Friday, October 9, 2015

Organizations are being formed

It is a good thing I have no ambitions to be a political leader, to set up a political organization or to administer one. The first and the last of those two I am incapable of doing - it is not in my DNA - and the middle one I have tried back in the days of the Anti-Federalist League and early UKIP. It was not a success from my point of view. My biggest achievement in that field was the series of Red Lion Talks that ran with success, as people can testify, for several years in the Red Lion Pub in Whitehall. But that was not a political organization, precisely, more a series of talks given by various people to reasonably sized and varied audiences on topics to do with the EU and our membership of it. Call it education or propaganda. I am prepared to continued in that role but, of course, my being female and not an MP the offer will almost certainly be ignored.

Other people can do what I cannot and do not want to. The biggest Brexit organization so far has been launched with some fanfare on the BBC and other outlets quoted by Open Europe and also in City AM.

It is called Vote Leave, subheaded Take Control, which is not the happiest of names as it does not exactly trip off the tongue but then, frankly, its great rival, UKIP's doesn't either. Among the various reports on the birth of Vote Leave there is a sour note on Breitbart London, written by Raheem Kassan. This is not altogether surprising, given Breitbart's self-appointed role as UKIP's propagandist and Mr Kassan's past as Nigel Farage's closest adviser.

According to Mr Kassan, the new organization is entirely Conservative (which is not true), was rushed because the UKIP one was doing so well (which is possible) and has far fewer Facebook supporters than does (which is irrelevant). What matters is that is funded by arron Banks who also funds UKIP and is, therefore, linked to one party only. I have been told (see, I can do what Mr Kassan does, as well, though I do not get paid his salary) that Mr Banks is well advanced in his negotiations with the Electoral Commission but that information comes from UKIP and ought to be taken with a certain amount of salt.

At present I have no idea how well Vote Leave will do, though Matthew Elliott does have a certain track record in running referendum campaigns. Well, one to be precise, a much easier one in many ways than this one promises to be but one in which UKIP found itself on the losing side. The people of this country voted overwhelmingly in favour of keeping the first past the post system, something that UKIP needs to be reminded of periodically.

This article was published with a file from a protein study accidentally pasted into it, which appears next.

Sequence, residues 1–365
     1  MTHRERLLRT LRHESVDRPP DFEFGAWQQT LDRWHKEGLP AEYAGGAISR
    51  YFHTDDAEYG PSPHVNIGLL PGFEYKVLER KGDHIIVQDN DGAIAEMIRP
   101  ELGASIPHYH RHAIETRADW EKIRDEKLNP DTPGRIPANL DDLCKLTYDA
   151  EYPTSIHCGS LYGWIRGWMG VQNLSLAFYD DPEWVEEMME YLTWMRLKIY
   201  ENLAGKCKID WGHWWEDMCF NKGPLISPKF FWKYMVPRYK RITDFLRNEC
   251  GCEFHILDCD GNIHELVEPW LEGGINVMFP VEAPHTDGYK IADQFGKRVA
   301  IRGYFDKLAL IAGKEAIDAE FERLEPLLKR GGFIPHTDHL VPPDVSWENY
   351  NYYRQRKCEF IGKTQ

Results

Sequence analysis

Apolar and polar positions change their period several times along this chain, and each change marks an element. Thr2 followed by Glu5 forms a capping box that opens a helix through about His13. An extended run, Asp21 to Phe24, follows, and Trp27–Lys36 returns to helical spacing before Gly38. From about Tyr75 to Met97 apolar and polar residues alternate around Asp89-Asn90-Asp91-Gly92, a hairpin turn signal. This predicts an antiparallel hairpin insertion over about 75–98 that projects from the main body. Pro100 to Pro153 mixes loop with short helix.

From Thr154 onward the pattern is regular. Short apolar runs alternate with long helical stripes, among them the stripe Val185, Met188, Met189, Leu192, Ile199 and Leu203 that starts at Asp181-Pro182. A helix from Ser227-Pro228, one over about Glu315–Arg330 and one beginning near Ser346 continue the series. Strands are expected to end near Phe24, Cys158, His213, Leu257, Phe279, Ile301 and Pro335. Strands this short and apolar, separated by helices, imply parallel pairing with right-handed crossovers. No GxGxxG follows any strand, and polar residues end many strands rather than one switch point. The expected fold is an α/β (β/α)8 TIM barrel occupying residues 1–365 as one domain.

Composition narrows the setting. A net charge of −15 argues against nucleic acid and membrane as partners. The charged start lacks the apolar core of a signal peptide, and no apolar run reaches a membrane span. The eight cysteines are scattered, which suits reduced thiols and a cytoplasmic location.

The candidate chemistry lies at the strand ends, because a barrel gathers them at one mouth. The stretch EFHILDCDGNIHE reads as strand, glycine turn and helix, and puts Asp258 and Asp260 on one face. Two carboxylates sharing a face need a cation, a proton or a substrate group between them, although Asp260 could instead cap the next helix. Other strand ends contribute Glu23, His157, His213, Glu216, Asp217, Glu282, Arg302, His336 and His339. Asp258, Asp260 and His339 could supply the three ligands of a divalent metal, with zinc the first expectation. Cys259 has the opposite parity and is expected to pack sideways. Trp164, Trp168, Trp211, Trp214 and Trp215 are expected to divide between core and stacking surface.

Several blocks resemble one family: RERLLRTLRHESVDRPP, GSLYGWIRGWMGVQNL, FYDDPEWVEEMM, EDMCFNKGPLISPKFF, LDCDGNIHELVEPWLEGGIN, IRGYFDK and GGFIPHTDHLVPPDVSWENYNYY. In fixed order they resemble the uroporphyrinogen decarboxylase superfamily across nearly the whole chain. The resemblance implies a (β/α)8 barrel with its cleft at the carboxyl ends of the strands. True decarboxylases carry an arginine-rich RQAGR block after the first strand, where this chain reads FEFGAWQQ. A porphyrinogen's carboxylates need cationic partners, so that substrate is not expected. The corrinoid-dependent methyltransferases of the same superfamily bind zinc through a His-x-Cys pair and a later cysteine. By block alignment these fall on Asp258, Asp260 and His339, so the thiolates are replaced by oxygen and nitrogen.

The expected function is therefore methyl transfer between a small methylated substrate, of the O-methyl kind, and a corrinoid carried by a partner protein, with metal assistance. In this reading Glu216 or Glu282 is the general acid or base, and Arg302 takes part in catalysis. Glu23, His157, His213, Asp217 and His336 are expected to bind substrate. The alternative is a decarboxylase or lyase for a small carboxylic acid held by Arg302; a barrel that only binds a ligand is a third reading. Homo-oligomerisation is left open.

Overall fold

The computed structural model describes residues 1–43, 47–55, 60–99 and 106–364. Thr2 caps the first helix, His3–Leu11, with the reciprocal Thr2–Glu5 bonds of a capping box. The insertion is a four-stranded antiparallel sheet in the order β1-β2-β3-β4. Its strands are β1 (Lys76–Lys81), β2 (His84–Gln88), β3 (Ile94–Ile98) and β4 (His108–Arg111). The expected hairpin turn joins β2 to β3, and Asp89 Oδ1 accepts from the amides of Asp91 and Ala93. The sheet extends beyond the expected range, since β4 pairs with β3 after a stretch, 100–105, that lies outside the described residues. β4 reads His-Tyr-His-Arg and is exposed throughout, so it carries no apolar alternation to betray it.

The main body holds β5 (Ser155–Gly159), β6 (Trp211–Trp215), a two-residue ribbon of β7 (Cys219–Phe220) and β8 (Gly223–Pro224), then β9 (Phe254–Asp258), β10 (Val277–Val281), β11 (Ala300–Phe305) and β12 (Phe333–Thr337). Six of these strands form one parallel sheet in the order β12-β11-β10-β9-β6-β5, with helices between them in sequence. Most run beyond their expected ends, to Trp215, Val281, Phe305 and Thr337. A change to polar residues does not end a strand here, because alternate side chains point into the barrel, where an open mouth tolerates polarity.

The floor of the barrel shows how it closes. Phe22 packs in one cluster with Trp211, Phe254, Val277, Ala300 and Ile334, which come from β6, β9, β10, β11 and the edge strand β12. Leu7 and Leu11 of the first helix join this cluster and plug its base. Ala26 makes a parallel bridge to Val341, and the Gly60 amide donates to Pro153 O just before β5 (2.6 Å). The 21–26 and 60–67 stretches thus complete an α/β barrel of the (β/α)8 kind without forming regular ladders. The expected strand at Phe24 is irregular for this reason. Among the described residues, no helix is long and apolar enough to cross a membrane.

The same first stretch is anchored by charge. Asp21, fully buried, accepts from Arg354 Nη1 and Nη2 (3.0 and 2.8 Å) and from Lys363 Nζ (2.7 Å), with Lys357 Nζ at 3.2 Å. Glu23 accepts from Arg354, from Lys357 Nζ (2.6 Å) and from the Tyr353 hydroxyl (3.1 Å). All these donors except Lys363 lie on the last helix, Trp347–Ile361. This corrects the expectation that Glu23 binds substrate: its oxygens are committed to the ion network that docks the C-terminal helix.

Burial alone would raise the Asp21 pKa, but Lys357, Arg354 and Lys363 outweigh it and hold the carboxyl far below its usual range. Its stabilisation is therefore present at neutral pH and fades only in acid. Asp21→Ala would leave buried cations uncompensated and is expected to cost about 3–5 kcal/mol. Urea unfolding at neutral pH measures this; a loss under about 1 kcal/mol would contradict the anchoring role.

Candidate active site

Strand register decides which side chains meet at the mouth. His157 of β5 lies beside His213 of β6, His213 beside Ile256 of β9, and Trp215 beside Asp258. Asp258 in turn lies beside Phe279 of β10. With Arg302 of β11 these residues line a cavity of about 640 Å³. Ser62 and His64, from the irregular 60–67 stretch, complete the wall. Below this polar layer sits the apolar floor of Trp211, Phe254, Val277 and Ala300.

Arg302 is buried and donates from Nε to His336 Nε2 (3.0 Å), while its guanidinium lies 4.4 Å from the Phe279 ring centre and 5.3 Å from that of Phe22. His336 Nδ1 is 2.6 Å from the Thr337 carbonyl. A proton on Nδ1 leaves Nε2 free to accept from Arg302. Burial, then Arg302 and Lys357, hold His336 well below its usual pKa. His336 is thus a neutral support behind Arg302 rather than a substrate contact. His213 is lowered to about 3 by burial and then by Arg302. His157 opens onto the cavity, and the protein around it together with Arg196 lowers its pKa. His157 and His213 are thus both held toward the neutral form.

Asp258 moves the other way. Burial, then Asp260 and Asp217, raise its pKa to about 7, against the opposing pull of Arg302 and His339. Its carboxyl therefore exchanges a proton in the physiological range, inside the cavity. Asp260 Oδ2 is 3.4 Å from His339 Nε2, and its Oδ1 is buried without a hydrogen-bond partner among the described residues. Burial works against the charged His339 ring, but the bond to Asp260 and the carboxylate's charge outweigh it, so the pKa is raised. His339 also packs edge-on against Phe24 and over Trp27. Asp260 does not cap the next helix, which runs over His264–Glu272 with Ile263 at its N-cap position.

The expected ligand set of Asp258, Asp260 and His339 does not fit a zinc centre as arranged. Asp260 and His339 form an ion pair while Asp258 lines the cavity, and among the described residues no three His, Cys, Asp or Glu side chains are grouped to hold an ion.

Vote Leave, whose supporters include Labour's Kate Hoey and UKIP's Douglas Carswell, says it wants to negotiate a new deal based on free trade and friendly co-operation.

The group is funded by people of different party affiliations, such as the City millionaire and Tory donor Peter Cruddas, Labour's biggest private backer John Mills and former UKIP treasurer Stuart Wheeler.

Its core message is about sovereignty, with "take control" the main slogan. It is planning to spend about £20m.
So far, so reasonable.

I have seen some of's ads on Facebook (money is already being spent there but I assume Mr Banks can afford it) and I have not liked them particularly. They are illiterate in their use of apostrophes, which would indicate a lack of proof-readers and one of them, at least, showed a certain inability to tell the difference between MPs and MEPs. Also heavy antagonism to the TTIP and equally heavy propaganda for the NHS are not indicative of a forward looking group. To be fair, Kate Hoey of Vote Leave also tells us that if we did not have to give money to the EU we could spend it on such things as the NHS. Waste is waste is waste.

Apart from that, for the time being I am inclined to Vote Leave's summary of ideas and issues as being more interested in the future.'s vision seems a little vague. Imagine is not a good enough basis for a campaign. Things might change, however. I feel reasonably sure that other  organizations will pop up before the Electoral Commission makes its decision.


  1. What is so great about TTIP?

  2. I think it only fair to mention that the Vote Leave website also contains errors that would have been spotted by a proofreader, and the copywriting is appalling. Both groupings look pretty bad and the less said about the unfortunately named In Campaign, the better. The entire referendum campaign is gearing up to be a farce.

  3. I shall write about the In campaign and some more about the existing Out campaigns in the near future. At present I tend to agree with Kilgore Trout and can only sigh. But, to be absolutely honest, I did not expect anything else.